According to statistics from the National Institute of Mental Health, in 2018, the suicide rate among men was 3.7 times higher than among women. However, some surveys are less likely to admit that men feel less lonely than women, while other studies show that men receive more emotional intimacy than women in their lives. In one study, married men were more likely to list their spouses as best friends than married women.
Way says that in a time of unprecedented isolation, many men may be forced to change the way they think about friendships and connect in new and deeper ways. I think they have to survive.
John Bramlette, 42, a father of two in Chevy Chase, Maryland, saw the change in their relationship. Before the pandemic, his closest male companions were from the volleyball team where he played every Thursday night for 14 years. The group used to get together for a beer after a game or to watch baseball on TV after the kids went to sleep.
But in normal times, he didn’t ask one of his friends to go for a walk, just to talk, something his wife did with her friends throughout her adult life. In the last month she has gone on three walks with her boyfriends and plans to continue doing the usual at lunchtime.
“It makes a lot of sense,” says Bramlette, director of operations for Washington Nationals Philanthropies. “Why wouldn’t we do that?”
Dave Wakeman, 46, a marketing consultant in Washington, said many of the social interactions before the pandemic revolved around children’s sports or family gatherings with neighbors. Eight weeks before the pandemic, he ran through two doors to his neighbor and realized that he had lost contact with him and other parents in the neighborhood.
The group of six decided to spend happy social hours on the lawn chairs at the intersection they shared. Tucker Carlson created a WhatsApp group called Battalion, where they shared everything from political jokes and memes to frustrations about parenting and working at home.
“It’s easier for people to say, ‘Hey, I’m having a hard time,'” Wakeman said.
A few years ago, Stephen Davis, a 33-year-old tax administrator from Virginia, joined a texting group with some of his best friends and some guys he knew vaguely from college. At first, the conversation was only about the world of professional wrestling. This was called “five MB” for a group of five people.
But recently, the group has become a place to do more. He got them from many job changes, from home to home, and the birth of four children, including two during the pandemic. As Davis struggled with ideas on how to keep his son busy when the playgrounds were closed, one of the other parents in the group offered to make a barrier cushion for his son to pass through. When Davis’s wife broke her waters, she texted a group of five before anyone else, including her parents.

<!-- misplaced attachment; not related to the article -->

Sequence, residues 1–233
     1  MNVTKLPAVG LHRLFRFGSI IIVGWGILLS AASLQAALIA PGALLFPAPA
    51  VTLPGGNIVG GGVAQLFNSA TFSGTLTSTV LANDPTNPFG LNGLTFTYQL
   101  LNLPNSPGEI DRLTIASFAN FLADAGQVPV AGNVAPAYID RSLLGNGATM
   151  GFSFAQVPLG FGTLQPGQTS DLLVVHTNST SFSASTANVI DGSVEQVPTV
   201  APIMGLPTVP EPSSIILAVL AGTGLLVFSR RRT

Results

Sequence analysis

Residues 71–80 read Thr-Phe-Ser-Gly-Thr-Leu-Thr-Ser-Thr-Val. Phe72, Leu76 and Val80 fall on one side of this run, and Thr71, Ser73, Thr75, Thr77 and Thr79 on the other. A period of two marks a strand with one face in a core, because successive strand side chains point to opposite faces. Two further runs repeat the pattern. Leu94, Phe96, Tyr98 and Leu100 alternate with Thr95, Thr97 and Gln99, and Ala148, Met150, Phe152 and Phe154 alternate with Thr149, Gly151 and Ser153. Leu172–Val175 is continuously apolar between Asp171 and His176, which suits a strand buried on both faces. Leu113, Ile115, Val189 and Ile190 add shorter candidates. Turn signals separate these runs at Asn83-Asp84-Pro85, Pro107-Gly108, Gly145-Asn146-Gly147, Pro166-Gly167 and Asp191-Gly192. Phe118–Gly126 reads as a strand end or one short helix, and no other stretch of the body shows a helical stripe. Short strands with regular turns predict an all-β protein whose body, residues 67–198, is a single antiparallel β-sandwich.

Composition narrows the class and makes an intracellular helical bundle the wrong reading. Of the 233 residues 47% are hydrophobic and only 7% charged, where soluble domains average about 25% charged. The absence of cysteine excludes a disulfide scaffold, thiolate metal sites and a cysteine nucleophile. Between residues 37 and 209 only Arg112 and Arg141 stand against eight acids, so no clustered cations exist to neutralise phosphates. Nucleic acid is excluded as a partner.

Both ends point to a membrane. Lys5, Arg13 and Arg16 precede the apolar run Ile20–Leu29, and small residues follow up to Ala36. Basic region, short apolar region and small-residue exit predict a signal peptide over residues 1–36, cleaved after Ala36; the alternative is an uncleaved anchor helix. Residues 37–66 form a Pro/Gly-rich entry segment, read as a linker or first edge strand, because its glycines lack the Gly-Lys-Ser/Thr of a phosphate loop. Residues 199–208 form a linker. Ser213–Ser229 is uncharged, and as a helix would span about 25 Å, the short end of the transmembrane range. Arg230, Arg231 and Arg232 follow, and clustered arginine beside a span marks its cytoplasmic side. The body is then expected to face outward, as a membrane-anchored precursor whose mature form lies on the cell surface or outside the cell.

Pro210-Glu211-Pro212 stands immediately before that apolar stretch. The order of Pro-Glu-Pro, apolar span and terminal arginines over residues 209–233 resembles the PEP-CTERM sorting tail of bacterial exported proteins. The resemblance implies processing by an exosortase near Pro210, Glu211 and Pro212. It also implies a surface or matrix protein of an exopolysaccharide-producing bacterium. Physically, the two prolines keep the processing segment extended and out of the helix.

During the pandemic, the group grew closer than ever. They now send about 100 SMS a day, a constant stream of awareness about what is happening in their lives. The conversations feel more sensitive and honest than what Davis has done with friends in the past. These are conversations you can never have while sitting at a bar and watching a game.
“There is always a lot of noise to go to the next level,” he says.
Jonathan Gordon sometimes wants his college colleagues to talk about more serious topics. The group of four, all of whom met on the first floor of the University of Virginia and are now 30 years old, were groomsmen at each other’s weddings. They went on international trips together. They all regard the other men in the group as their closest friends.
But why don’t they talk about their feelings?
“I always thought it was fun to talk about things that were completely insignificant between the 80s and 90s,” said his friend, Alex Hyde, 32, in a joint Zoom call.
When friends gather for a beer or dinner in person, the deeper details are “accidentally hidden,” says Hyde. Now, since they cannot, the most serious issues do not come naturally to the text. It feels more raw, Hyde said. “Generally, along with the other boys, there is a certain persecution because of what you say… you have to be prepared for that.”
Gordon says it’s impossible not to make fun of each other again. “We can’t control ourselves… I can’t get it out. We said goodbye, “he said. “We wouldn’t do that in an ideal world.”
These are the conversations that Argueta of Falls Church expects from his friendship with other men.
On Saturday, when several friends came to help him set up his PC, Argueta waited to be fired because he looked like a “broken college student” in his new study, where he had barely put anything on the walls. cables everywhere on the table.
Instead, the two friends asked him to talk about what had caused him to leave and how he had managed over the past few months. Argueta told them about past relationships, movements, pandemics, everything. Dozens were more individual than ever.
One of his friends reminded him that he could always call the Discord group. “Just talk, just say something,” said the friend. “Someone will answer.”
Argueta planned to send them a group of text messages soon, thanking them for coming with their friends and “saving me in more ways than I thought.” I wanted to be honest about what they lived through.
He thought they would do the same.